The more you have learned during the conversation, the more accurately you can assess that lead, thereby saving both time and resources in the future if it is indeed a mismatch. If you do this evaluation carefully, you could fill your sales pipeline with many high-quality leads. Of course, you can assess your prospects before you contact them, but a direct conversation will give you far greater insight into their concerns, their goals, their limitations, and their pain points.
Nurturing your prospect
Once you’ve made the call and established contact, you are now in a position to provide your prospect with information and to share your expertise on the product or the service you are offering them. Now is your opportunity to give them more information on possible solutions to their problems, and you could tell them how other businesses with similar issues have managed to find solutions with the help of your product. It would be great if you could answer their questions before they even ask them.
It is important to remember that your prospect will already be familiar with some of the content available to everyone on your website, especially if your marketing efforts have been enthusiastic, but now that they are speaking directly to you, they will want more tailored solutions and a more personalised offering from you in order to help them make a decision. This conversation is your opportunity to find out what is it that your prospect needs, and what you can do to fulfill that need.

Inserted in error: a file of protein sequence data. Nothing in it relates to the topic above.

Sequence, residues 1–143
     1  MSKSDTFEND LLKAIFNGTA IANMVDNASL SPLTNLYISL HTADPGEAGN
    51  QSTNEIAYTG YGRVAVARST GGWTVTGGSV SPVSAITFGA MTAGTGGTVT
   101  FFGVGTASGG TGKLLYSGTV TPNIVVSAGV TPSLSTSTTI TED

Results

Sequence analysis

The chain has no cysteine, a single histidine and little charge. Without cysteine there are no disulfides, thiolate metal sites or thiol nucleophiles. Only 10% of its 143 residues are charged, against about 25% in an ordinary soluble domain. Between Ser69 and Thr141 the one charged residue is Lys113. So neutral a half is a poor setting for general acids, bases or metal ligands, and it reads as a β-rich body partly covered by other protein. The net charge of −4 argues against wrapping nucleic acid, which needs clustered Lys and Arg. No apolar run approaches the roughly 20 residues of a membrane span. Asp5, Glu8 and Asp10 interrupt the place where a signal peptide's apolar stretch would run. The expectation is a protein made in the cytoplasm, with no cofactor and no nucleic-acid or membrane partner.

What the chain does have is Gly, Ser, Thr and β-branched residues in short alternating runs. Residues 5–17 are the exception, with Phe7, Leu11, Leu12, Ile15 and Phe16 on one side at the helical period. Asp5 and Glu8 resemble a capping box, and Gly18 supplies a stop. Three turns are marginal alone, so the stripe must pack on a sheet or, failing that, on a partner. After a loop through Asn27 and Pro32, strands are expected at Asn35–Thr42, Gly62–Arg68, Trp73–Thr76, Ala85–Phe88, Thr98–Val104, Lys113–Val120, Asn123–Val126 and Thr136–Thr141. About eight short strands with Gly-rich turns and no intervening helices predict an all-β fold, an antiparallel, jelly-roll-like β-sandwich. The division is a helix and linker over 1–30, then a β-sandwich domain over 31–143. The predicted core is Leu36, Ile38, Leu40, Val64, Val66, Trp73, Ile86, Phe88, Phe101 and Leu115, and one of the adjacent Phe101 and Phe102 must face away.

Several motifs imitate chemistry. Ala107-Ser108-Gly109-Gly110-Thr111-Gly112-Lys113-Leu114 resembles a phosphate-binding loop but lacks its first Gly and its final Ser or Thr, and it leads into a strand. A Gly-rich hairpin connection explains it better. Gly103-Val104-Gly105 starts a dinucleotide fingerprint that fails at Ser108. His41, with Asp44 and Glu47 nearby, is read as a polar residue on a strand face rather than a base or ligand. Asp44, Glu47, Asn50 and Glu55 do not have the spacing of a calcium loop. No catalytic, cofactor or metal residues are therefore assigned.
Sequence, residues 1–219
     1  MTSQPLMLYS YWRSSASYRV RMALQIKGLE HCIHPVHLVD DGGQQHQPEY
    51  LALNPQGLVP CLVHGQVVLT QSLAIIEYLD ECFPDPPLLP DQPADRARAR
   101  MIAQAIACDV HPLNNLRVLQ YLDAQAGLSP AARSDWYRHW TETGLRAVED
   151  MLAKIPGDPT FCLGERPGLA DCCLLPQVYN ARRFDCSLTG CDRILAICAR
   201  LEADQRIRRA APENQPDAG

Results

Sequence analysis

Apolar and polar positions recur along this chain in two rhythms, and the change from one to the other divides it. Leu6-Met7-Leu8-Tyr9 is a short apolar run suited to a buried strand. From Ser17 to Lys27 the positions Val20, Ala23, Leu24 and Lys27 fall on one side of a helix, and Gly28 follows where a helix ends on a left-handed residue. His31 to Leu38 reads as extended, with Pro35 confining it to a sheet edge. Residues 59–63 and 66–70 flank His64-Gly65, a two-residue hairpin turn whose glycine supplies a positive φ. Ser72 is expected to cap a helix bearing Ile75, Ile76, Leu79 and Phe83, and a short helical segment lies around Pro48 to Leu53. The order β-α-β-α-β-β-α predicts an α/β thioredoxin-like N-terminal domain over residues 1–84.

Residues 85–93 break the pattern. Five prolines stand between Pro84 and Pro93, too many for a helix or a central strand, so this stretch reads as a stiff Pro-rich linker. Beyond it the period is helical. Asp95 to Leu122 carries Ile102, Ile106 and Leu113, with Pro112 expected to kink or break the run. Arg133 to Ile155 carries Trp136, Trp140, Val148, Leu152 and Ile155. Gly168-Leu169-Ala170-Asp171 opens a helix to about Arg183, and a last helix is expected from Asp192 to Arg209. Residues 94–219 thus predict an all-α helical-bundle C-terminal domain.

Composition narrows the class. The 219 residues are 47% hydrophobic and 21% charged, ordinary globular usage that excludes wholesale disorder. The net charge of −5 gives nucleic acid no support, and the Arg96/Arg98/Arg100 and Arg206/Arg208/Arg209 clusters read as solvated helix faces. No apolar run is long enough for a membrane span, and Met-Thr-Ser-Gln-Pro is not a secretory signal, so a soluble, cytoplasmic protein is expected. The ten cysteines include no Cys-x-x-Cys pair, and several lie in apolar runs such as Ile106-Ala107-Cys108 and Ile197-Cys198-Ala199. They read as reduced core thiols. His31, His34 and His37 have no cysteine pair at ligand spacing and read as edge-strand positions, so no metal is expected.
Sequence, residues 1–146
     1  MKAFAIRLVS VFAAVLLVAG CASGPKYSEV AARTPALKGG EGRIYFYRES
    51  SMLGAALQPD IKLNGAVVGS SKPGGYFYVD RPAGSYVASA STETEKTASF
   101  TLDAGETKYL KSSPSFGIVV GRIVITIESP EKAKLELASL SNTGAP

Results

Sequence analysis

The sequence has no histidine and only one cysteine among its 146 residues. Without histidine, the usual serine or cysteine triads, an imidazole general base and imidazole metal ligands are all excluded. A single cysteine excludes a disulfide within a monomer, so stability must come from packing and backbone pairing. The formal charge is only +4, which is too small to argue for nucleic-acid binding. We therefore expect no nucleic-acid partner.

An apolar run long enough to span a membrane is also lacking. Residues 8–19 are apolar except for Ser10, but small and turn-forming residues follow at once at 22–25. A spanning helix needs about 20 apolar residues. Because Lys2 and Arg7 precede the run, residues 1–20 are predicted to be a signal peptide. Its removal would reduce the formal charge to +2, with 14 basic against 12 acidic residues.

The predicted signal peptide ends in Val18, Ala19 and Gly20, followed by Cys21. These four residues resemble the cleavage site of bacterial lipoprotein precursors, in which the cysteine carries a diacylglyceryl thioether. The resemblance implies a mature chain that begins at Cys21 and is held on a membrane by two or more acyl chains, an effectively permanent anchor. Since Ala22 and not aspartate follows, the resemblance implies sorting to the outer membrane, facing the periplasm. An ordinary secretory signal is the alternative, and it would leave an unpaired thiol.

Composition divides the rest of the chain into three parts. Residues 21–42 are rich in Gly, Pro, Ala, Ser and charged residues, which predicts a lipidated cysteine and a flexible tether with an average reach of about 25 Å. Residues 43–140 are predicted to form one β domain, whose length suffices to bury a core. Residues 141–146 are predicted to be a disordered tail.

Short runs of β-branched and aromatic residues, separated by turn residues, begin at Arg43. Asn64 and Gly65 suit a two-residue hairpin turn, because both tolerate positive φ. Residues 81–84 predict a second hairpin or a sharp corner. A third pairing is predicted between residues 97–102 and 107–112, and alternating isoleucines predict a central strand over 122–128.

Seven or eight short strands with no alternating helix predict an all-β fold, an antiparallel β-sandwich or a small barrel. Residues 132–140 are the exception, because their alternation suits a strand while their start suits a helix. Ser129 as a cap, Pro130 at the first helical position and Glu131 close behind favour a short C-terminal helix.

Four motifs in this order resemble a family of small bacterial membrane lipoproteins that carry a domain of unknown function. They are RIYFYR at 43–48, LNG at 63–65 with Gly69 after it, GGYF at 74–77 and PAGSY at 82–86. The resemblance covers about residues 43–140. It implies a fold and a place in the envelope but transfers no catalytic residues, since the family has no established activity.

This type of content on your website is known as nurturing content, and you need to be very familiar with it as well. These can include:
- White papers
- Case studies
Another possibility that is open to you is also to target prospects by means of ads on Facebook, LinkedIn, and Google, in order to remind them of the solution your product or service could provide.
Presenting your offer
And now, you finally come to presenting your personalised offer, which offers the solution the future client and/or their company has been looking for. This is the time to present a variety of packages to them, which could cover the full spectrum of possible needs – from the basic ones to the premium or comprehensive ones. Depending on what your product or service is and what its level of complexity might be, the prospect could sign up for a trial, a demo, or be shown the full range of possibilities. At this point, the whole plan needs to be explained in order for the client to start using your product or service. It is necessary to provide a clear timeline.
This is the crucial point where you could get to close the deal. It is worth fighting for. Most likely the prospect will take some time to think about the offer that you have made or to discuss it with colleagues or other decision-makers in the company, or even compare it to other similar offers they may have received from your competitors. There are likely to be questions with regards to different aspects, such as pricing, future support from you, and other details pertaining to your offered service or product.